Eduardo Kac

Eduardo Kac:
"More than make visible the invisible, art needs to raise our awareness of what firmly remains beyond our visual reach but which, nonetheless, affects us directly."[1]

"Transgenic art, I propose, is a new art form based on the use of genetic engineering techniques to transfer synthetic genes to an organism or to transfer natural genetic material from one species into another, to create unique living beings."[5]

"Transgenic art, by contrast, offers a concept of aesthetics that emphasizes the social rather than the formal aspects of life and biodiversity, that challenges notions of genetic purity, that incorporates precise work at the genomic level, and that reveals the fluidity of the concept of species in an ever increasingly transgenic social context."
"Since the domain of art is symbolic even when intervening directly in a given context [32], art can contribute to reveal the cultural implications of the revolution underway and offer different ways of thinking about and with biotechnology."[6]
"Transgenic art can help science to recognize the role of relational and communicational issues in the development of organisms. It can help culture by unmasking the popular belief that DNA is the "master molecule" through an emphasis on the whole organism and the environment (the context). At last, transgenic art can contribute to the field of aesthetics by opening up the new symbolic and pragmatic dimension of art as the literal creation of and responsibility for life."[6]
  The Eigth Day

  GFP Bunny
          A different view on GFP Bunny



  Transgenic Art

Some quotes from: TRANSGENIC ART Leonardo Electronic Almanac, Vol. 6, N. 11, December 1998, n/p/n ( - ISSN: 1071-4391. [5]

The nature of this new art is defined not only by the birth and growth of a new plant or animal but above all by the nature of the relationship between artist, public, and transgenic organism.

I suggest that artists can contribute to increase global biodiversity by inventing new life forms.

There is no transgenic art without a firm commitment to and responsibility for the new life form thus created. Ethical concerns are paramount in any artwork, and they become more crucial than ever in the context of bio art. From the perspective of interspecies communication, transgenic art calls for a dialogical relationship between artist, creature/artwork, and those who come in contact with it.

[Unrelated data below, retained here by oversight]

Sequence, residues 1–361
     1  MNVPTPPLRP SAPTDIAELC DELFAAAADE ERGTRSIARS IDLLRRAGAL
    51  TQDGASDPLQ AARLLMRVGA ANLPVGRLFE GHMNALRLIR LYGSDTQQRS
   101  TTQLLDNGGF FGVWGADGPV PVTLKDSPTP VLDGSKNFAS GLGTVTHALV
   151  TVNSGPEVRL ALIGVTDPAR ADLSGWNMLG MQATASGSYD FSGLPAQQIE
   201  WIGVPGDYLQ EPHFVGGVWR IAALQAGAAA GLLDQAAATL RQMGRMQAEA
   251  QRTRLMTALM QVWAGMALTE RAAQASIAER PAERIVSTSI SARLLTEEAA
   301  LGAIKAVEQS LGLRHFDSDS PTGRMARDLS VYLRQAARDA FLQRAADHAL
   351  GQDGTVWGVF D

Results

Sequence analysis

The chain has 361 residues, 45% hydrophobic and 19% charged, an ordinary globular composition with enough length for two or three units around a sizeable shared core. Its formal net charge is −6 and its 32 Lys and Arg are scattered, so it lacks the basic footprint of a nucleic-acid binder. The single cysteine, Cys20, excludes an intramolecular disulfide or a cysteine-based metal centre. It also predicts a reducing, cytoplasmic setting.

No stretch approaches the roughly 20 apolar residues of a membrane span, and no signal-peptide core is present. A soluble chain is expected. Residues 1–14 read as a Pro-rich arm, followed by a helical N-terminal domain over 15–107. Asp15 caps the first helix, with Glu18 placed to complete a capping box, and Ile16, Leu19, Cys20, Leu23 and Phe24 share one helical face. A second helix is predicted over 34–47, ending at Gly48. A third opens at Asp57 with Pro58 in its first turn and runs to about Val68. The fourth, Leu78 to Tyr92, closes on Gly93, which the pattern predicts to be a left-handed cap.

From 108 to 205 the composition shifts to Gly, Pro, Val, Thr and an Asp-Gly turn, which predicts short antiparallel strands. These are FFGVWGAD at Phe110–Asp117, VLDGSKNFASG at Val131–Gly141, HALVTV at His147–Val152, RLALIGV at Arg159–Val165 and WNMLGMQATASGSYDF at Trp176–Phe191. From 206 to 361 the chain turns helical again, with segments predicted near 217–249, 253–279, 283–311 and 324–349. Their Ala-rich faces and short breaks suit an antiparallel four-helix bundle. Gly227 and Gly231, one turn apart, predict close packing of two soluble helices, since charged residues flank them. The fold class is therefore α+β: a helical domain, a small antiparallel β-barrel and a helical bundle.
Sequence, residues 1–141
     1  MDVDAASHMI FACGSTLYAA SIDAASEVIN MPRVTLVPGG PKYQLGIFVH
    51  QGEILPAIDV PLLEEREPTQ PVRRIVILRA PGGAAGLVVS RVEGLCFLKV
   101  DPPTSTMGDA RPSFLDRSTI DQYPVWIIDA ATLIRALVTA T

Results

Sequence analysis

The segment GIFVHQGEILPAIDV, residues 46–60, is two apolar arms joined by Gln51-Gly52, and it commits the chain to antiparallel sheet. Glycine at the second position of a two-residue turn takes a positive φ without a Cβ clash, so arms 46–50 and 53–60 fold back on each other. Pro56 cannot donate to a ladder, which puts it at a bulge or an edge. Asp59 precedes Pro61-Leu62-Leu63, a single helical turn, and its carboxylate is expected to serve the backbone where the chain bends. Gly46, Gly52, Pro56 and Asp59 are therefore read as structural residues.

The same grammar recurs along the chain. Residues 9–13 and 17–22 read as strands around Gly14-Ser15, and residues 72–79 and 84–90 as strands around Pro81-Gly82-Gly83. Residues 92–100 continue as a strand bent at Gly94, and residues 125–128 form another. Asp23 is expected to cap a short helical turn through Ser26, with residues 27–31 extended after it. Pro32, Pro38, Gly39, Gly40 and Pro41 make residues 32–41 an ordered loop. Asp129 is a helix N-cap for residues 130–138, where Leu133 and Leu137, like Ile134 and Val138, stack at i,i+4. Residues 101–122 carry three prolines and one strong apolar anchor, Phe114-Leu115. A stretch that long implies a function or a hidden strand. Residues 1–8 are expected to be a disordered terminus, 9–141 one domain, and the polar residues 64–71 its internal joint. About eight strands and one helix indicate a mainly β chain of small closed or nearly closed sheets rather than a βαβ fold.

Selective breeding is a long-term technique based on the indirect manipulation of the genetic material of two or more organisms and is responsible for many of the crops we eat and the livestock we raise.

Chimeras, however, are no longer imaginary; today, nearly 20 years after the first transgenic animal, they are being routinely created in laboratories and are slowly becoming part of the larger genescape. Some recent scientific examples are pigs that produce human proteins [11], plants that produce plastic [12], and goats with spider genes designed to produce a strong and biodegradable fabric [13].

...a distinctive trait of transgenic art is that the genetic material is manipulated directly: the foreign DNA is precisely integrated into the host genome. In addition to genetic transfer of existing genes from one species to another, we can also speak of "artist's genes," i.e., chimeric genes or new genetic information completely created by the artist through the complementary bases A (adenine) and T (thymine) or C (cytosine) and G (guanine). This means that artists now can not only combine genes from different species but easily write a DNA sequence on their word processors, email it to a commercial synthesis facility, and in less than a week receive a test tube with millions of molecules of DNA with the expected sequence.

The artist literally becomes a genetic programmer who can create life forms by writing or altering this code.

With the creation and procreation of bioluminescent mammals and other creatures in the future [14], dialogical interspecies communication will change profoundly what we currently understand as interactive art. These animals are to be loved and nurtured just like any other animal.

The use of genetics in art offers a reflection on these new developments from a social and ethical point of view.

As the concept of species based on breeding barriers is undone through genetic engineering [23], the very notion of what it means to be human is at stake [24]. However, this does not constitute an ontological crisis. To be human will mean that the human genome is, not a limitation, but our starting point.